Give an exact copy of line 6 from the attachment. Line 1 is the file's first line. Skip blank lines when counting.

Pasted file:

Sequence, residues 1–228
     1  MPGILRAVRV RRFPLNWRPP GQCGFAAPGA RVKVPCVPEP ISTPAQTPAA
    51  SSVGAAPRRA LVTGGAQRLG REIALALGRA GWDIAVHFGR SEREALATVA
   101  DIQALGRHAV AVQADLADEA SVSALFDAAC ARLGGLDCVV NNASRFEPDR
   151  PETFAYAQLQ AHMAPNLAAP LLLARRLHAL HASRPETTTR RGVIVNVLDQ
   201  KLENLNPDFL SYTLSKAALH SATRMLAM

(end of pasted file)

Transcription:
   201  KLENLNPDFL SYTLSKAALH SATRMLAM